COLOMBO: Schools across Sri Lanka will close for one week starting Monday, the Education Ministry has announced, as the island nation grapples with its worst economic crisis since gaining independence in 1948.
Sri Lanka is struggling to find critical funding to finance the import of essential goods, including fuel, food and medicines.
The country’s existing stock of petrol and diesel is only sufficient for a few more days, and is now limited for use in essential services, such as health, public transport and food distribution. Long queues of drivers have been sighted across Colombo at gas stations, as some wait for more than 48 hours to fill their vehicles.
With the worsening economic turmoil, the Ministry of Education announced an early “holiday week” for all schools across the island, following an official review of the “notifications about the distribution of fuel” in the country.
“The week from July 4 to July 8 will be declared as a holiday week for all government schools and government-approved private schools across the island,” a circular issued by the ministry on Sunday reads.
The latest announcement comes after schools in Colombo and other urban areas were closed for two weeks in a row. Lessons were replaced with online classes, with officials previously citing transportation difficulties caused by the fuel crisis.
The extended closures have raised concerns among Sri Lankans, as some are worried about how the crisis will affect the future of younger generations.
“Simply closing schools will damage the future of the next generation,” Prof. Chandima Wijegunawardena, leader of the Sri Lanka Humanity Party, told Arab News.
“It’s sad that the political blunder of the parliamentarians is affecting children’s education.”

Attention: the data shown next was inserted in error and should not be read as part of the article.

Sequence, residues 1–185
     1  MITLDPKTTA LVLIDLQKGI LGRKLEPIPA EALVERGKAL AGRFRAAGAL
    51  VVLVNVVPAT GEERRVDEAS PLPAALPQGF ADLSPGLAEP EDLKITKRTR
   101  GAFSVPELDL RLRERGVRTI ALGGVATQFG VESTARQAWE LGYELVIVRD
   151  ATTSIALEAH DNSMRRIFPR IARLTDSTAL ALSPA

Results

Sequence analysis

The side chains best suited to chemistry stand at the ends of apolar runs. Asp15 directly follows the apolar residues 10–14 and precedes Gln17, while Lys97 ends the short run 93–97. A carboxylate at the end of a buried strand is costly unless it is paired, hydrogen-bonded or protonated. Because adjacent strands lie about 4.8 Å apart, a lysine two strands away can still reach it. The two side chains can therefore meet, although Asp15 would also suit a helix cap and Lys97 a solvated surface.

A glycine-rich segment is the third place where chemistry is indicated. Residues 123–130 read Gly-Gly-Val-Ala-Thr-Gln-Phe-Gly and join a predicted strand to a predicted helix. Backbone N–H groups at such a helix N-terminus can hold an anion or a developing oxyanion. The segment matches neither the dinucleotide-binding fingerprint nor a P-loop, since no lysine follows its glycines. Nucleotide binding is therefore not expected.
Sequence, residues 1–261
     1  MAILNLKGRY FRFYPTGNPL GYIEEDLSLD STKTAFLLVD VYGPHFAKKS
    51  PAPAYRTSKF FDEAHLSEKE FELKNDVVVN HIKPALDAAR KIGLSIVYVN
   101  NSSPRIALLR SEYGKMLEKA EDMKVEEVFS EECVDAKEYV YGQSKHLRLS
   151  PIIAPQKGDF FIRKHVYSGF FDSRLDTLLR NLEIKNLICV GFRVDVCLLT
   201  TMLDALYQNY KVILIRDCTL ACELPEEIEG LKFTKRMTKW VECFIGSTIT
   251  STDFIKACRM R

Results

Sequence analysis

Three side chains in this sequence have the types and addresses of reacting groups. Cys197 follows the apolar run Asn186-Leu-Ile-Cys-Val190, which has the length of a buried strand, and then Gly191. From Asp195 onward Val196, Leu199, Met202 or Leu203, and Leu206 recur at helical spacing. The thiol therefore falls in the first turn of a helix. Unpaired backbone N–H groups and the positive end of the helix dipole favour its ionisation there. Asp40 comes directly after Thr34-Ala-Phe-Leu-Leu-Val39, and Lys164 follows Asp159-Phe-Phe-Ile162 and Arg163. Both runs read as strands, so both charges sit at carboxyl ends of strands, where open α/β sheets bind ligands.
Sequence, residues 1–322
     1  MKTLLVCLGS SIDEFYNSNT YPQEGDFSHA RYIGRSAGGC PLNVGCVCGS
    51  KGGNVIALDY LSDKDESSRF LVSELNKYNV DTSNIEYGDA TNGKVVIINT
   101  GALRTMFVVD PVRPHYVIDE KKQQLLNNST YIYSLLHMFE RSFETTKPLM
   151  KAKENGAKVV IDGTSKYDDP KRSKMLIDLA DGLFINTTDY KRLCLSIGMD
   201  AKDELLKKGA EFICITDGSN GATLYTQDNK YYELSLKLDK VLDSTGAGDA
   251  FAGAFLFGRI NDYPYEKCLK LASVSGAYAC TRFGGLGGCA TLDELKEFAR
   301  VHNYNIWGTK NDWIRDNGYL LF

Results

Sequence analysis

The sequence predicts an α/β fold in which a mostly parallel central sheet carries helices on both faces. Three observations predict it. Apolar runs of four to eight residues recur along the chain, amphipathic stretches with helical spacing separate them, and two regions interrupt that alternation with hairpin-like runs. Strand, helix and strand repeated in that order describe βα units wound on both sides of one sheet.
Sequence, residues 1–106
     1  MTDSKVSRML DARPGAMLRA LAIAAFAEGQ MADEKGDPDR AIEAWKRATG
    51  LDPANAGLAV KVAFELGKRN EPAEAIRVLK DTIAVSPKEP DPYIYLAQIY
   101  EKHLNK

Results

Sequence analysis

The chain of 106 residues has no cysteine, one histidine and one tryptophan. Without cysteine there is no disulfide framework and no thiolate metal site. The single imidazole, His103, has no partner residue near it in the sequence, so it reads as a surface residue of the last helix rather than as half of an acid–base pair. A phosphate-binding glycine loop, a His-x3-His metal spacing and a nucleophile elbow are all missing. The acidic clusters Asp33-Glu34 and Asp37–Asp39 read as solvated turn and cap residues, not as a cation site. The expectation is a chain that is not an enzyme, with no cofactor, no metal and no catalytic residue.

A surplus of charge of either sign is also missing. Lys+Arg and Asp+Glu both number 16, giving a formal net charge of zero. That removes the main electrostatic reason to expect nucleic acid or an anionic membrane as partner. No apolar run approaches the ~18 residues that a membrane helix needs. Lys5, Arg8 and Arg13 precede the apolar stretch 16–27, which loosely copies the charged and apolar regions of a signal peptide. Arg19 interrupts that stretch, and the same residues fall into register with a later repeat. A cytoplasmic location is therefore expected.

The economic meltdown has triggered a political crisis, with President Gotabaya Rajapaksa facing accusations of corruption and economic mismanagement. Anti-government protesters have taken to the streets for months to demand his resignation.
Wijegunawardena said that the government should implement a system that allows students to attend schools closest to their homes.
“It’s a scheme that allows children to walk to schools nearby their homes, so the rule can apply to teachers and other staff, too,” he said. “Policies and principles can be changed with the changing times.”
Ismeth Fatima, principal of Zahira College in Colombo, said that students should not be deprived of education in schools.
“Let them go to the nearby school and transfer teachers to their respective places of origin so they can cut down on the travel,” Fatima told Arab News.
“It is sad that the country has to undergo this ordeal,” she said. “A school is a school — we cannot expect the children to learn properly in their own respective home environment.”
Online learning as an alternative has also worried educators, with MRM Rifky, principal of Al-Humaisara National School located in Beruwala, a town 60 kilometers south of Colombo, warning that students at his school have failed to attend the new virtual classes.
“Online education is an utter failure,” he told Arab News.
The two years of the COVID-19 pandemic have already deprived children in Sri Lanka of their educational experiences, said women’s rights activist Shreen Saroor.
“Now with this ad-hoc management of the education system, Sri Lanka will lose out on our history and pride.”